Two pineberries
And an earsplitting vuvuzela

In April 2010 people the world over were aghast at images of an environmental catastrophe of epic proportions caused by an explosion at an oil rig in the Gulf of Mexico. Considered to be the largest accidental marine oil spill in the history of the petroleum industry, the BP oil disaster was dubbed the oilpocalypse, as its appalling trail of environmental devastation began to unfold.

'Oilpocalypse Now: WSJ reports BP oil disaster may be leaking at rate of 1 million gallons
a day …'

climateprogress.org 1st May 2010

For the sixth word of Christmas my true love gave to me …
Six pairs of jeggings
An oilpocalypse
Four spot-fixing scandals
Three election worms
Two pineberries
And an earsplitting vuvuzela

People over a certain age who once enjoyed the comfort and fit of leggings might this year have been pleased to see their 21st century rebirth in the form of jeggings, close fitting, stretchy trousers with styling and fabric akin to denim jeans. Variations on the same theme include treggings, a cross between leggings and trousers, and a version for the boys dubbed meggings.

'Dozens of students were kicked out of class on the first day of term – for wearing jeggings.'

The Sun 9th September 2010

For the seventh word of Christmas my true love gave to me …
Seven days of glamping
Six pairs of jeggings
An oilpocalypse
Four spot-fixing scandals
Three election worms
Two pineberries
And an earsplitting vuvuzela

A soggy sleeping bag on a lumpy carry mat? Baked beans and sausages? Brushing your teeth in a crowded toilet block? Oh, no, this is the 21st century and camping has become glamping. Out with nature and in with pamper, as the activity of 'sleeping under the stars' is accompanied by every home comfort and more – from quilts and cushions to high-tech cooking gear.

'If you want cheap family vacation ideas, camping is always an affordable option … For those who would like the trip to be a bit cushier, try glamping.'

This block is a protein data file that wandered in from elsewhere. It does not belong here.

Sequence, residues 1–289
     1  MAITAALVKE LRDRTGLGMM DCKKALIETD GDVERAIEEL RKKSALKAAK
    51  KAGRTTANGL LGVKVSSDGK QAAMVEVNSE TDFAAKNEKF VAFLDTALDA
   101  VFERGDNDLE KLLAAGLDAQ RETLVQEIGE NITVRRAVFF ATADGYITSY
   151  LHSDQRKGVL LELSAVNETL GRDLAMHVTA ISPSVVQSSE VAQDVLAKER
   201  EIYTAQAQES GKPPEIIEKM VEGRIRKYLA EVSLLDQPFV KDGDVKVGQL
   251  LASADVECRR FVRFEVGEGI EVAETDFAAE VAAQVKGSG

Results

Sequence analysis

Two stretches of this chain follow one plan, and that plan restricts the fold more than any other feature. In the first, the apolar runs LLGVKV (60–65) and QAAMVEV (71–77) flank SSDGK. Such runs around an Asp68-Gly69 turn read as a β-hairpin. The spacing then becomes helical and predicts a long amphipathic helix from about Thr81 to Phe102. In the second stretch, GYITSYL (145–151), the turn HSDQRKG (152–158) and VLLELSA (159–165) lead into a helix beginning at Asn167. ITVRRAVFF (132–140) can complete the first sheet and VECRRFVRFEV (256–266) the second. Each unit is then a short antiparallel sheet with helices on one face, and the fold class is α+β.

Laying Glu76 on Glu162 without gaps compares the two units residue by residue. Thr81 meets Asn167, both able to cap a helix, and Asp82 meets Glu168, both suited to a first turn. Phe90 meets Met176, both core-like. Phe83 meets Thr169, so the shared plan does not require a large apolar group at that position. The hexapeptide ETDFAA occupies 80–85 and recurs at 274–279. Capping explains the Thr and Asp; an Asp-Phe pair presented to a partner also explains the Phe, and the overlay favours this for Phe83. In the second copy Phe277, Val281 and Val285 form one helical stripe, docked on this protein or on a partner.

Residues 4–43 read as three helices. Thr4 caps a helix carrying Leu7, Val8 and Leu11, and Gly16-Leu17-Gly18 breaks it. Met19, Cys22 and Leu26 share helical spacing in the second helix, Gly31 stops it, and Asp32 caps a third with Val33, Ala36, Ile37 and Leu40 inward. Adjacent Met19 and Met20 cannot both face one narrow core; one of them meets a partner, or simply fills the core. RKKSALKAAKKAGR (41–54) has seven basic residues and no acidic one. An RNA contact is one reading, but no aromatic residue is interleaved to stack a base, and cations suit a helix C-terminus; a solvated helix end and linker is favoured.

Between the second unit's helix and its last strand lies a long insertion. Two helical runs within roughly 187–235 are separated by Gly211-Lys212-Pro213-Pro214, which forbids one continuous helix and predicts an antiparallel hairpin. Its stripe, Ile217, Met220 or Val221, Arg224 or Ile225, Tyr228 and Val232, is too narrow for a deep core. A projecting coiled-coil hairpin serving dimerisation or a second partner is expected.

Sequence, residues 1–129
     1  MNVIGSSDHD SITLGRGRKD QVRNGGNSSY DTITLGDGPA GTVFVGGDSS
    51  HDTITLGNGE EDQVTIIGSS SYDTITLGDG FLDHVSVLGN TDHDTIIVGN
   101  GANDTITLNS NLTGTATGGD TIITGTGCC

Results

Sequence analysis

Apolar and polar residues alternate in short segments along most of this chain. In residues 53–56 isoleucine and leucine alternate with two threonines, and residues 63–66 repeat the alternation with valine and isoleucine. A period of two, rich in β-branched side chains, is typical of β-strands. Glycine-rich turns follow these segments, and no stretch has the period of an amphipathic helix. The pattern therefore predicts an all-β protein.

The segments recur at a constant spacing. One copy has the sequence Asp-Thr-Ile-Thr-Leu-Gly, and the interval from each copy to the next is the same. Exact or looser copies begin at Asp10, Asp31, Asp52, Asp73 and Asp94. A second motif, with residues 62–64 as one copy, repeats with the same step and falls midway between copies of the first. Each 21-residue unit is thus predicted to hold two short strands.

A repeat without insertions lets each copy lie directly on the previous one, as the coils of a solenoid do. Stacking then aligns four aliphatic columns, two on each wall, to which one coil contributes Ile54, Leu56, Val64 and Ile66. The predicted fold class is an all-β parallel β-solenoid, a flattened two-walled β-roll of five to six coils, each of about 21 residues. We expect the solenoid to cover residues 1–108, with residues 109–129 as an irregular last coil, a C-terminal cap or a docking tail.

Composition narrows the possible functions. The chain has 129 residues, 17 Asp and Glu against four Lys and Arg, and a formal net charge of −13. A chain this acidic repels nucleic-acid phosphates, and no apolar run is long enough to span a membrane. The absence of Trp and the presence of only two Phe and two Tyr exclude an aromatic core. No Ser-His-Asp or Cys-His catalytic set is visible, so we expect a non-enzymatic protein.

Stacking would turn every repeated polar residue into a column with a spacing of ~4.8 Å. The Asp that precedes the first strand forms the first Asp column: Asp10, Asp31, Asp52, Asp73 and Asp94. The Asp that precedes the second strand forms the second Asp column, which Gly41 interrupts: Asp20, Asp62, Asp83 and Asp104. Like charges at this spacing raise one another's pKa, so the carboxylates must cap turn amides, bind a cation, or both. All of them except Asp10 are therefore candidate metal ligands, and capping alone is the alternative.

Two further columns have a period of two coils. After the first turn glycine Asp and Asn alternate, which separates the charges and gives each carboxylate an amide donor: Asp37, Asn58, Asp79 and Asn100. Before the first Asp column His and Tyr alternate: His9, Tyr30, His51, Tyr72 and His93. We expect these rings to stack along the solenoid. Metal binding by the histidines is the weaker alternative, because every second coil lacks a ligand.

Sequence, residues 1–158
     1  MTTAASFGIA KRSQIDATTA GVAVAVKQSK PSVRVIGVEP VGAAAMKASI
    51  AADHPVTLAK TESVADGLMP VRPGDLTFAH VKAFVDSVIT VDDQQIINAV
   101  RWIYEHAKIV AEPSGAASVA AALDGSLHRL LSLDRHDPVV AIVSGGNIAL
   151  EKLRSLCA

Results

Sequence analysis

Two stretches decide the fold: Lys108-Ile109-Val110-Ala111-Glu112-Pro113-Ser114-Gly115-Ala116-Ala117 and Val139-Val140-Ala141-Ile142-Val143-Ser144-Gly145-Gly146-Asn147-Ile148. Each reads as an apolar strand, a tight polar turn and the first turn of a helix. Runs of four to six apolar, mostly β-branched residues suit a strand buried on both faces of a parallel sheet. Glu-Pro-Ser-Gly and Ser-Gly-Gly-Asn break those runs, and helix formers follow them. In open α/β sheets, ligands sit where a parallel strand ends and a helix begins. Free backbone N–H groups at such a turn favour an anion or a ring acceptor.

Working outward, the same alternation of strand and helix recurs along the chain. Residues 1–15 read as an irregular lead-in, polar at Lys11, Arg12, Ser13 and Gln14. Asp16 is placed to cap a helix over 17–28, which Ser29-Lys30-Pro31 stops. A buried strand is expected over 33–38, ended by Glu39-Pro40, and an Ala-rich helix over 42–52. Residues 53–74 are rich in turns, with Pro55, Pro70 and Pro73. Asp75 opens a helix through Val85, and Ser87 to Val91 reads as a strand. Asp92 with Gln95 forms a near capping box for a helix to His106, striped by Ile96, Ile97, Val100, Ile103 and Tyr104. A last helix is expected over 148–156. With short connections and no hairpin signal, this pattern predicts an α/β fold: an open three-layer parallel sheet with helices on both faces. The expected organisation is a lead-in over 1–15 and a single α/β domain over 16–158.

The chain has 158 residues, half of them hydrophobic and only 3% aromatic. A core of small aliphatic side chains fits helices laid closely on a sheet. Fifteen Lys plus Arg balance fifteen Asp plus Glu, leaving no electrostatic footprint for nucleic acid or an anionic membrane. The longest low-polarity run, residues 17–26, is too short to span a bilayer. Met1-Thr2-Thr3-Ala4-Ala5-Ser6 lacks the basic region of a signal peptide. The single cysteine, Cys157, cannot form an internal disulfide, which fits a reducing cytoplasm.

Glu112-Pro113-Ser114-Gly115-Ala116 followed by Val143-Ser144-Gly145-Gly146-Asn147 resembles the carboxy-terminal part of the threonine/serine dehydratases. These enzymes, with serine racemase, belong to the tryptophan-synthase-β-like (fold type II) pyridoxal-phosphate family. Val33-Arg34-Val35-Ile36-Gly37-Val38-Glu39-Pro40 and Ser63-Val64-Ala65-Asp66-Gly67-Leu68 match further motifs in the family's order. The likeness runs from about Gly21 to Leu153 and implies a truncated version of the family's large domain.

AOL Travel News 10th November 2010

For the eighth word of Christmas my true love gave to me …
Eight followers following
Seven days of glamping
Six pairs of jeggings
An oilpocalypse
Four spot-fixing scandals
Three election worms
Two pineberries
And an earsplitting vuvuzela

In a year in which the concept of social media definitely went mainstream, rather than remaining the preserve of the young or computer-literate, a new sense of the word follow (and its opposite unfollow) further embedded itself. TV presenters can now be regularly heard promoting broadcasts and related media by uttering words such as 'follow us on Twitter …' where follow means subscribing to online messaging in relation to a particular person or topic.

'"We hope football fans will follow us on Twitter to get the latest on the best parties and up-to-the-second news on the teams, the game and the fans," said Sun editor-in-chief Jose Rodriguez.'

Edmonton Sun 23rd November 2010

For the ninth word of Christmas my true love gave to me …
Nine nonliners surfing
Eight followers following
Seven days of glamping
Six pairs of jeggings
An oilpocalypse
Four spot-fixing scandals
Three election worms
Two pineberries
And an earsplitting vuvuzela

Access to the World Wide Web is today such a fundamental tool of everyday life that there are now a growing number of campaigns aimed at getting everyone connected. The BBC's high profile 'First Click' campaign was one such initiative this year, whose target audience was those who have never had access to the Internet – a proportion of the population collectively described as nonliners.